My favorite stop was an old plywood house with boarded windows and green tarps. Only the women were home, but they must have a really full house when all the men are there. There was the mother, two daughters who each had a baby in their arms, three other small children, and then the old grandmother whose brown wrinkly face made me smile. Four generations of women living under one “roof” and so grateful to be receiving our Christmas baskets. I really wanted to take a picture of them, but it just doesn’t feel appropriate to do.

I know that my write up this year is more matter of fact and less emotional. I apologize. I do feel drained, both physically and emotionally. All I can say is that I am so grateful to all of you who sacrificed something in your own life and made it a priority to make a donation to the Samoan people. With all of the important things that I could have been doing this week, there is nothing that I wanted to do more than this project. This is what I want to be doing during our last few weeks here. Giving to the people who have so little, and who can’t even comprehend the luxuries that the rest of us live with.

Of all the many lessons that I have learned living in American Samoa, one of the most important is to give up petty attachments to worldly possessions. Those things really do not matter. Christmas is about love. It is about the love that was shown by a loving God who sent his precious Son to earth as a small baby, and it is about trying to be more like the person that this small baby grew up to be. He loved, he served, he gave willingly and never expected anything in return. I hope that during this Christmas season you will look at the photos from this project and be proud of yourselves for giving unselfishly, for that is the true spirit of Christmas.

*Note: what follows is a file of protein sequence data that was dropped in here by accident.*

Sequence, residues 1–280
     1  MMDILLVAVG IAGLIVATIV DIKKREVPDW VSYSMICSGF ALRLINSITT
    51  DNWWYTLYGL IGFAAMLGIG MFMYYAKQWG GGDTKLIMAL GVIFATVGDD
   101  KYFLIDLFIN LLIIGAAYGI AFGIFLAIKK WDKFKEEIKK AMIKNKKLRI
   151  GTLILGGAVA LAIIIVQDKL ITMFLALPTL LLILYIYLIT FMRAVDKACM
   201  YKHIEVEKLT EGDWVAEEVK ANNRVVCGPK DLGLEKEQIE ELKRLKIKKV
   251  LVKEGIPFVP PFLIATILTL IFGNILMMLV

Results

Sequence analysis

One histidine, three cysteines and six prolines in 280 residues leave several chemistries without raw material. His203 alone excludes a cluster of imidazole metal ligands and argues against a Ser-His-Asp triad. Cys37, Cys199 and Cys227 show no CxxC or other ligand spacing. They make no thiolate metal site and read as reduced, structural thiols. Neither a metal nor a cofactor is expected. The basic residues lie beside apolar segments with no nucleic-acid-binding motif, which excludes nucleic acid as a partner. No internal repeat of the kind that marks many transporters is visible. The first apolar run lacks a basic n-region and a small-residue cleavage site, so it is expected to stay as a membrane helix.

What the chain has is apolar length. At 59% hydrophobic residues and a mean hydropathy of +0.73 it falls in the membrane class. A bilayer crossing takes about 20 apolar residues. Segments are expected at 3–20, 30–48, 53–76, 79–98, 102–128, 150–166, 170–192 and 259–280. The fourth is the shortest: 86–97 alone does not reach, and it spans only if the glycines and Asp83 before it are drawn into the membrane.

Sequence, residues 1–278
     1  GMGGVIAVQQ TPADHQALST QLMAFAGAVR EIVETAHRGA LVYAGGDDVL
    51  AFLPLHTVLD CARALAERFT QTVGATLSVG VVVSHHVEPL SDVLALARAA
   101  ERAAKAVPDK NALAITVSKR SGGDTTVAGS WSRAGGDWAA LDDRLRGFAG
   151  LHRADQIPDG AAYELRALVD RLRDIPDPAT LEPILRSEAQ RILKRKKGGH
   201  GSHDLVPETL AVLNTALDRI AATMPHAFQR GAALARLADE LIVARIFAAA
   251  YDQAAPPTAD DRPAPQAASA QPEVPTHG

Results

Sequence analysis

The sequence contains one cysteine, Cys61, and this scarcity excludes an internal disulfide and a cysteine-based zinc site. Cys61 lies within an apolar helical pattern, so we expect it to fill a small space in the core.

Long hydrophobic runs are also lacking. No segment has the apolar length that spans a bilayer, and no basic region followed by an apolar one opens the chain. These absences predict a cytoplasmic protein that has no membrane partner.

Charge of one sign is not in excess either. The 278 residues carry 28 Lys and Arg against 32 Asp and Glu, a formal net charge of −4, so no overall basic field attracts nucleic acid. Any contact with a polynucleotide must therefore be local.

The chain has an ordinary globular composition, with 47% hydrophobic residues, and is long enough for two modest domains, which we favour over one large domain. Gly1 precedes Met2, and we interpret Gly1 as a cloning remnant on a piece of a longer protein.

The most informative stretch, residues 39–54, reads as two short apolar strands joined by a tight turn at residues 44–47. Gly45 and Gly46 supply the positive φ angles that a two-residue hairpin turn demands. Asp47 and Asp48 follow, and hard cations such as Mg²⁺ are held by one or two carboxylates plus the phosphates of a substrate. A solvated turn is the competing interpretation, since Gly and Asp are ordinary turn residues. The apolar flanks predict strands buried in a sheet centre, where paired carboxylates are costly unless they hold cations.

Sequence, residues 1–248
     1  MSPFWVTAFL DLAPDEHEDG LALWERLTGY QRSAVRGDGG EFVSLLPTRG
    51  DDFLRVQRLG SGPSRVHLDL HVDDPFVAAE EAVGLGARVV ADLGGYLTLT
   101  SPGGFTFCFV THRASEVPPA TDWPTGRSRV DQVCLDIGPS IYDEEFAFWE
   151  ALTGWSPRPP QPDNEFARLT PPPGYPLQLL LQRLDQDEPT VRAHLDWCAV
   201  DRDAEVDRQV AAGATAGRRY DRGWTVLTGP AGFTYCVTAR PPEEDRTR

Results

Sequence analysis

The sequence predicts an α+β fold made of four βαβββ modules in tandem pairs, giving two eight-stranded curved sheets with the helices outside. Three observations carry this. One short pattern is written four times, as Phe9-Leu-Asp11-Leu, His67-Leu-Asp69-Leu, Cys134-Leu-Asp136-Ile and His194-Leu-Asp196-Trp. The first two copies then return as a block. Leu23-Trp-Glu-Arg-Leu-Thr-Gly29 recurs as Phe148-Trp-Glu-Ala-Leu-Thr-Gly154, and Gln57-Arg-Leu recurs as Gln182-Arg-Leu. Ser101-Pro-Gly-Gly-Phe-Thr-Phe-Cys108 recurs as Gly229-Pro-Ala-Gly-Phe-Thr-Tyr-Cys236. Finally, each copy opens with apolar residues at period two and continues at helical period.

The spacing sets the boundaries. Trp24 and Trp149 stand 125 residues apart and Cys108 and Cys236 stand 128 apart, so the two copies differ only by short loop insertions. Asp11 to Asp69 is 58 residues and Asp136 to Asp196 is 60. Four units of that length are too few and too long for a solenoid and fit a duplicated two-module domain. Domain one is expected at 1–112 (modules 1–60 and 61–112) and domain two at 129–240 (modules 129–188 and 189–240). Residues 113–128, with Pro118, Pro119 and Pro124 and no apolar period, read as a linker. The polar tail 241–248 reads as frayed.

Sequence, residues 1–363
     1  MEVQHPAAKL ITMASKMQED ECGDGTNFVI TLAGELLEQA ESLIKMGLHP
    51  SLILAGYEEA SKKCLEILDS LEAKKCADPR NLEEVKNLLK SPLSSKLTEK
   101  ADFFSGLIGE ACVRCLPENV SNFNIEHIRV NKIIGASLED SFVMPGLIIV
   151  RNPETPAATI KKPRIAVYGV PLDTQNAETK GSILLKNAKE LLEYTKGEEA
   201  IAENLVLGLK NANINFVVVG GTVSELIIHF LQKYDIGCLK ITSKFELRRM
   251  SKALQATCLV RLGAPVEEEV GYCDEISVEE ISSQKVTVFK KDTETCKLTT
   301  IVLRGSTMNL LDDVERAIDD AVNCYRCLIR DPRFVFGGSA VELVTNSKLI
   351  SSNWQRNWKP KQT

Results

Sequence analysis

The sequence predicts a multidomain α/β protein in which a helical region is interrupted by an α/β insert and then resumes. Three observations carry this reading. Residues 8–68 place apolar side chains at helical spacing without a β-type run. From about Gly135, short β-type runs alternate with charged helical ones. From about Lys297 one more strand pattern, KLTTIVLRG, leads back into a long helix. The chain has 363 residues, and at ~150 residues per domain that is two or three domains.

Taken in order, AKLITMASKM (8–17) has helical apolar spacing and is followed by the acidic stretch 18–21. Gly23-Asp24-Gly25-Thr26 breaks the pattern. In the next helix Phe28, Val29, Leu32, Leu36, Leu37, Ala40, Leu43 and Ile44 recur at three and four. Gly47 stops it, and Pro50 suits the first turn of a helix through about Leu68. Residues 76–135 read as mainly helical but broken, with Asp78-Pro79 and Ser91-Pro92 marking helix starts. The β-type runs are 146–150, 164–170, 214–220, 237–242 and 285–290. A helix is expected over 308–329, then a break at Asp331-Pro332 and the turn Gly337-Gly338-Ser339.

1. Very touching.

  2. Bless you Helen! You are an angel! Thank you for letting us help in this project again. What a wonderful experience for you and your family. Your children have learned what everyone should learn in their lives, to give to those less fortunate. We truly are the ones who have been blessed by being able to give, and I am so sorry to see all the destruction from the storm. Take Care and rest! Sharon 🙂

  3. It was heartwarming to read of the hard work and resulting joy as you delivered the baskets. It was heart wrenching to read and see the devastation and the needs. Thank you for giving us the opportunity to help. Bless you, Helen for your humanity. Look after yourself and keep following the star for you are a wise woman. God bless and Happy Christmas to all of you. Christine and Alan Price

  4. Thank you! I love your idea for the baskets and to send money to Western Samoa. You have touched many lives there and I know you and your family will be missed. Merry Christmas and please take care. Good luck with the move!

  5. Thank you Helen for everything you have done. xx

  6. Awesome, Helen!

  7. hooray for helen! good work, again, lady. i love comparing the picture of mary frowning before delivering and smiling while delivering. thanks for sharing.

  8. Wonderful! Thank you for letting us help in something so great. I appreciate your efforts, and hope you really didn’t out do yourself!! Thank you for your example and friendship! Merry Christmas! YOU TAKE CARE!

  9. Your family really catches the true meaning of Christmas–what a gift you are to the Samoans.